Scientists in Japan successfully 3-D printed a cut of Wagyu beef that looks just like the real thing. The team at Osaka University in Japan used three dimenstional bioprinting to replicate the cut's specific arrangement of muscle, fat and blood vessels. They hope lab-grown meats could provide a more sustainable—and delicious—alternative to traditionally-raised beef.
“By improving this technology, it will be possible to not only reproduce complex meat structures, such as the beautiful sashi [or marbling] of Wagyu beef, but to also make subtle adjustments to the fat and muscle components,” study co-author Michiya Matsusaki said in a statement.
The study, published last month in Nature Communications, is the first to attempt bioprinting Wagyu beef—an expensive cut prized for its tenderness, flavor and delicate fat marbling. Like traditional 3-D printing, bioprinting uses a computer-generated model that deposits layers of material to create a final three-dimensional project. But unlike standard methods which use materials like plastic or metal, 3-D bioprinting stacks living cells to build complex structures like blood vessels and muscle tissue.
This new beef isn’t the first bioprinted cut of cow—an Israeli company unveiled their 3-D printed ribeye steak earlier this year—but Wagyu posed a specific challenge, according to Insider’s Cheryl Teh. The team needed to recreate the Wagyu's signature intramuscular fat content, known more commonly as fat marbling or sashi.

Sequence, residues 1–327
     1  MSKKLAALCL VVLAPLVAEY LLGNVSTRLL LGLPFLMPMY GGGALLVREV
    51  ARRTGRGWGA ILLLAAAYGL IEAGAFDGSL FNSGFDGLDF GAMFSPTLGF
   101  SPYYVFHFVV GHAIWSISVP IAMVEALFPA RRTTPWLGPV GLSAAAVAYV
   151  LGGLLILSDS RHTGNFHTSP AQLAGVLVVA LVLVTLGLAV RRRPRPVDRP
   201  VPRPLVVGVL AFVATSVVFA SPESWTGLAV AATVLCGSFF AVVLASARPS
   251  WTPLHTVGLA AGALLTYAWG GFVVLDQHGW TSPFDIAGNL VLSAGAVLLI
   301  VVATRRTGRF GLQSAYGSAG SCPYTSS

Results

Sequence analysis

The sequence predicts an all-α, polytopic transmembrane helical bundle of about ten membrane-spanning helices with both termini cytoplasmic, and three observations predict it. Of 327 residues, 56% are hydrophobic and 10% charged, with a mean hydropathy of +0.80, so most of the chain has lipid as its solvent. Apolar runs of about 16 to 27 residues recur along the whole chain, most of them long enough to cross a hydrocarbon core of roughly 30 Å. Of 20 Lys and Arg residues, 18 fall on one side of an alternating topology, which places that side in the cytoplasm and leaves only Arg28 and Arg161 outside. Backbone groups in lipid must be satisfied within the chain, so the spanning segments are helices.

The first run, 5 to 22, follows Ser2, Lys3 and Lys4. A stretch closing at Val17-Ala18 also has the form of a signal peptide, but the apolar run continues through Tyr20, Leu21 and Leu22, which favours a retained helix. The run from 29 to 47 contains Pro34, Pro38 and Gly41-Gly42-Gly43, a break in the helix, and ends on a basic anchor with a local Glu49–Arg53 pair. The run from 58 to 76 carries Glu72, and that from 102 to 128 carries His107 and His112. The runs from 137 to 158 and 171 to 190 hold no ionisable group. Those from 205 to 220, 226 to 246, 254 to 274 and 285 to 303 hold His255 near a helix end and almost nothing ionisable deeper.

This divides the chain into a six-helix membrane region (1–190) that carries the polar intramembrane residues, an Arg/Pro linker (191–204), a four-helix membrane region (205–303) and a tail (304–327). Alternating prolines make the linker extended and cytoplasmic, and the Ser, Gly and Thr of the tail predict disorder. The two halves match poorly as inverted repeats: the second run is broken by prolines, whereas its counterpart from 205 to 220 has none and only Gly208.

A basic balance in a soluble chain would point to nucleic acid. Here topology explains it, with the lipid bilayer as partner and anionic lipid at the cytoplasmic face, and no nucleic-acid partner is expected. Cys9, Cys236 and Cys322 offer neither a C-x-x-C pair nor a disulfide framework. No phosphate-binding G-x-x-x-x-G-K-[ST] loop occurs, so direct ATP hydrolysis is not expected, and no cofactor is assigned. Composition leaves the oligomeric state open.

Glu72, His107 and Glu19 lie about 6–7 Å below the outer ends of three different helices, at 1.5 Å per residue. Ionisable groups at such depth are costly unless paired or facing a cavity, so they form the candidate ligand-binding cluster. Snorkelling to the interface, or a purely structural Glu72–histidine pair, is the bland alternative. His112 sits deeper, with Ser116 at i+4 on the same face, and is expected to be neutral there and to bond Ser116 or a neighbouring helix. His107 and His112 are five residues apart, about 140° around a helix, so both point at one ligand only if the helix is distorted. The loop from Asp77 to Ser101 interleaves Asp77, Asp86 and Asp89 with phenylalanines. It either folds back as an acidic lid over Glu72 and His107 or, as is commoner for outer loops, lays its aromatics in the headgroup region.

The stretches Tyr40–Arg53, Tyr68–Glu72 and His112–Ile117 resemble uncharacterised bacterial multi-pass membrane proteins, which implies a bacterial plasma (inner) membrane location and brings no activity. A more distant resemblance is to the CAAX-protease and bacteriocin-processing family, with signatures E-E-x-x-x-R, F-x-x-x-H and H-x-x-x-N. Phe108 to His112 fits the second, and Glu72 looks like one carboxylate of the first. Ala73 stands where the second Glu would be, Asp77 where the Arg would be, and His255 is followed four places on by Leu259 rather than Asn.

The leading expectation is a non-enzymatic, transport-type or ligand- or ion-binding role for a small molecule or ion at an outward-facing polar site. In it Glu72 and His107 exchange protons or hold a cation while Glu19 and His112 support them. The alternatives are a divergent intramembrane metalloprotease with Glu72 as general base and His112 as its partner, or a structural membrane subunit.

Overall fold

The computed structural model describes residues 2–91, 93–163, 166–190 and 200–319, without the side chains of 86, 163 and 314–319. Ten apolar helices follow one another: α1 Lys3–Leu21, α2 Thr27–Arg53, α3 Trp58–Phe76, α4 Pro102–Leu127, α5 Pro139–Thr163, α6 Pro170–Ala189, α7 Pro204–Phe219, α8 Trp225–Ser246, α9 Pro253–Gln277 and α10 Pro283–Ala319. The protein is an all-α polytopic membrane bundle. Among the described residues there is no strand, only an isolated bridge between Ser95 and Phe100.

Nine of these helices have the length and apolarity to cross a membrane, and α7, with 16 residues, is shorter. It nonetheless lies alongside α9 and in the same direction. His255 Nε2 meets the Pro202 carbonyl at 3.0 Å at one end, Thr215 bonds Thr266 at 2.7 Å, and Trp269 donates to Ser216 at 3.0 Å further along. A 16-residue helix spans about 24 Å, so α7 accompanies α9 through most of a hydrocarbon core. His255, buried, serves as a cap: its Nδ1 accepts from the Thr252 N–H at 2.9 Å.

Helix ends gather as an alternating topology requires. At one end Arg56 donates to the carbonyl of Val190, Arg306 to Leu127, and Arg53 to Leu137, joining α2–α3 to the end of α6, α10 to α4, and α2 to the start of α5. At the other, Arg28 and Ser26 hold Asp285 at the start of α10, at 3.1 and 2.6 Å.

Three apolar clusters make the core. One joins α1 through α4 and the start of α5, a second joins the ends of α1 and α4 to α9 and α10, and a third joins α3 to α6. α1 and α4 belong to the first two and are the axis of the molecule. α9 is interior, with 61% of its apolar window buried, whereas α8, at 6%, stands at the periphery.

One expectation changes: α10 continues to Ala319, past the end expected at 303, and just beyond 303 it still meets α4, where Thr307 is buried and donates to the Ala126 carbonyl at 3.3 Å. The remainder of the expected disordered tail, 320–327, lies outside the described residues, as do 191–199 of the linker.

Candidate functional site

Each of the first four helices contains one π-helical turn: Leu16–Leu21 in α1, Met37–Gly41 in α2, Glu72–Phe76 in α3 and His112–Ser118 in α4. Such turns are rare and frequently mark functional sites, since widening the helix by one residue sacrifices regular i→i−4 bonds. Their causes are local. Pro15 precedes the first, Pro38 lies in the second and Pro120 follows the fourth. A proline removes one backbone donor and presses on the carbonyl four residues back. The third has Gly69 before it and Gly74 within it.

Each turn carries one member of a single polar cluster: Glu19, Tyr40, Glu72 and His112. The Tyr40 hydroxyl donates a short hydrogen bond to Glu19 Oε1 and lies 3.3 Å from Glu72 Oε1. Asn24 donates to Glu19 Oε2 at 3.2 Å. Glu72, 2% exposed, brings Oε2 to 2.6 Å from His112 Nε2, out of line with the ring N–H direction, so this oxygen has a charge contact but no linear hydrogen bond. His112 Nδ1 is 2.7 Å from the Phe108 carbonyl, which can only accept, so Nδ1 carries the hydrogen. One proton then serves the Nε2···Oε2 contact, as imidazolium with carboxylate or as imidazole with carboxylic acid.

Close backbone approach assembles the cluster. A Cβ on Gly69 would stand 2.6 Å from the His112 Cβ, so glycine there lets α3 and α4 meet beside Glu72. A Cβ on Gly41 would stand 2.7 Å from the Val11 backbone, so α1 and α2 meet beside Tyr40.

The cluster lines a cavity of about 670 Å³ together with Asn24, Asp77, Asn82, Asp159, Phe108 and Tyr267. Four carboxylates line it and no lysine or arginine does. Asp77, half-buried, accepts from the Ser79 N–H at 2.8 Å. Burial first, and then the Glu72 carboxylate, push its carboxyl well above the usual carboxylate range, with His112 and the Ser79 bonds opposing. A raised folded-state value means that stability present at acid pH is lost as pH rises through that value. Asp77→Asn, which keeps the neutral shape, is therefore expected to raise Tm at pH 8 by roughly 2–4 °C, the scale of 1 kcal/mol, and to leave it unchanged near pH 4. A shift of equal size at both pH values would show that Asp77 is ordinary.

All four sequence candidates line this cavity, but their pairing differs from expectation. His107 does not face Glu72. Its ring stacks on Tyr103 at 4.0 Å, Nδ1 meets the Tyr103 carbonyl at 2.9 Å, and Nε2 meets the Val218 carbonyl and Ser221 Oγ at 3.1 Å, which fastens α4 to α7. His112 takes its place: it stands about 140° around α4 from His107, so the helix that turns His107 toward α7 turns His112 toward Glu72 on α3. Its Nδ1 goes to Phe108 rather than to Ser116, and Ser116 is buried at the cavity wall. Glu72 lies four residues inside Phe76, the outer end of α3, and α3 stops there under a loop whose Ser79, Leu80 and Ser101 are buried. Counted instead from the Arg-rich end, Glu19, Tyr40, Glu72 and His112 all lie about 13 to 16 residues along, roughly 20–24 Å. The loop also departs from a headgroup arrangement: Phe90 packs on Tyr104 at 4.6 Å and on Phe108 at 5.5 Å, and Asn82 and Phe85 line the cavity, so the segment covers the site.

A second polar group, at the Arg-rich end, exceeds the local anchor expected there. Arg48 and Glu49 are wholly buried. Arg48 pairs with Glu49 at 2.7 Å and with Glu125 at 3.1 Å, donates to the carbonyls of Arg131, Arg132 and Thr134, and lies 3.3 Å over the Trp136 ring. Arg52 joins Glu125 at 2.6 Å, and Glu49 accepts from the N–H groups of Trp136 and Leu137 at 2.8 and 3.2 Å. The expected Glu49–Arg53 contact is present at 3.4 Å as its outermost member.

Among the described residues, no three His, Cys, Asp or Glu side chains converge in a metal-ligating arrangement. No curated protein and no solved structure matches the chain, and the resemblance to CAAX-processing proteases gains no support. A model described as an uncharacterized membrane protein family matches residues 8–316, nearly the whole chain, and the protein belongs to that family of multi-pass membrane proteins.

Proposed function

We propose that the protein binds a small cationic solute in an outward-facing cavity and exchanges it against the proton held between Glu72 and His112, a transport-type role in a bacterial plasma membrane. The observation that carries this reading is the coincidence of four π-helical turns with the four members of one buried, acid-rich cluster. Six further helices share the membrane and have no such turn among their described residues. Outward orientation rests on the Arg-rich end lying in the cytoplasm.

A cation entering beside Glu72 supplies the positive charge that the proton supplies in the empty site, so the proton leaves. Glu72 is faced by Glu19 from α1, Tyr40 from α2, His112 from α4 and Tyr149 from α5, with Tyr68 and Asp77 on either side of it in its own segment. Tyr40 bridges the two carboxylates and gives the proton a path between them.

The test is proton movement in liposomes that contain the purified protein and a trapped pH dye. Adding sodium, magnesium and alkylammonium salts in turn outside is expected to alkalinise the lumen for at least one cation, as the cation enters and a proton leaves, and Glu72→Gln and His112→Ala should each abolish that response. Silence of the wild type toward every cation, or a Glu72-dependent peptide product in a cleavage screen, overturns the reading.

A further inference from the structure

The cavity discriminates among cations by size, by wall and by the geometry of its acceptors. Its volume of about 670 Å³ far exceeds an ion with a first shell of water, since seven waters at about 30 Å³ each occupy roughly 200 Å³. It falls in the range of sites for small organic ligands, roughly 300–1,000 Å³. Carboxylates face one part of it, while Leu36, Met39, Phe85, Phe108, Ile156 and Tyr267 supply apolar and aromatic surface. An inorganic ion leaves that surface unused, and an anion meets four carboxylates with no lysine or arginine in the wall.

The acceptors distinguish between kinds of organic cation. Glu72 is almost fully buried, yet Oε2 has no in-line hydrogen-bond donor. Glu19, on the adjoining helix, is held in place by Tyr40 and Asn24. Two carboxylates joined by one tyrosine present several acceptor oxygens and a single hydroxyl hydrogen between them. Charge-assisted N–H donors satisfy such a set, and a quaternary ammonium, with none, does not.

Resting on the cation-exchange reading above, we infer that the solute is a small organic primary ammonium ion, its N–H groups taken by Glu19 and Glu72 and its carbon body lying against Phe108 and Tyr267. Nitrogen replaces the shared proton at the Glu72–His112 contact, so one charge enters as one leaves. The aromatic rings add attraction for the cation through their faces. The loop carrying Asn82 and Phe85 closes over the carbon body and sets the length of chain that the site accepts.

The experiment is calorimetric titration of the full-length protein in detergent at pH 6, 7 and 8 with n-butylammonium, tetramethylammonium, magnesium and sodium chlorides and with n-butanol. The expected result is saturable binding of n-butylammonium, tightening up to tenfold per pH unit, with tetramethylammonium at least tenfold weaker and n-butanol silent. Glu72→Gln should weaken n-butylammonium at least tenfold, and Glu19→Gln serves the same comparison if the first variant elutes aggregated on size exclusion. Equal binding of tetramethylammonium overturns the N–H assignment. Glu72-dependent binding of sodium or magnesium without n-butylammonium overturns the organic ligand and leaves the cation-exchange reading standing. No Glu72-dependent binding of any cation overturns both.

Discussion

To create the manufactured meat, scientists used two types of stem cells from specific breeds of Waygu cows, reports Victor Tangermann for Futurism. By manipulating the stem cells, they could coax them into every type of cell needed to culture the meat. The individual fibers of muscle, fat and blood vessels were bio-printed in layers that replicated a perfect Waygu cut.
“Using the histological structure of Wagyu beef as a blueprint, we have developed a 3-D-printing method that can produce tailor-made complex structures, like muscle fibers, fat and blood vessels,” study co-author Dong-Hee Kang said in a statement.
No one has tasted the beef, so the meat’s flavor performance remains to be seen, reports Lauren Rouse for Gizmodo Australia. More studies are needed before anyone is green-lighting cooking or eating it. Because earlier experiments with cultured meats have grown largely unstructured cuts, the team hopes this high-controlled printing method can improve lab-grown meat texture, too. Theoretically, a customizable meat printing method means scientists could create tastier, more tender cuts of beef than exist today.
The scientists hope their 3-D printed meat will be an appealing option for those looking to reduce their reliance on livestock, which currently accounts for around 15 percent of U.S. greenhouse gas emissions. Though lab-made Wagyu beef could be a more sustainable alternative to traditionally raised meat, the high cost of production and limited regulatory oversight means it won’t be available on supermarket shelves any time soon.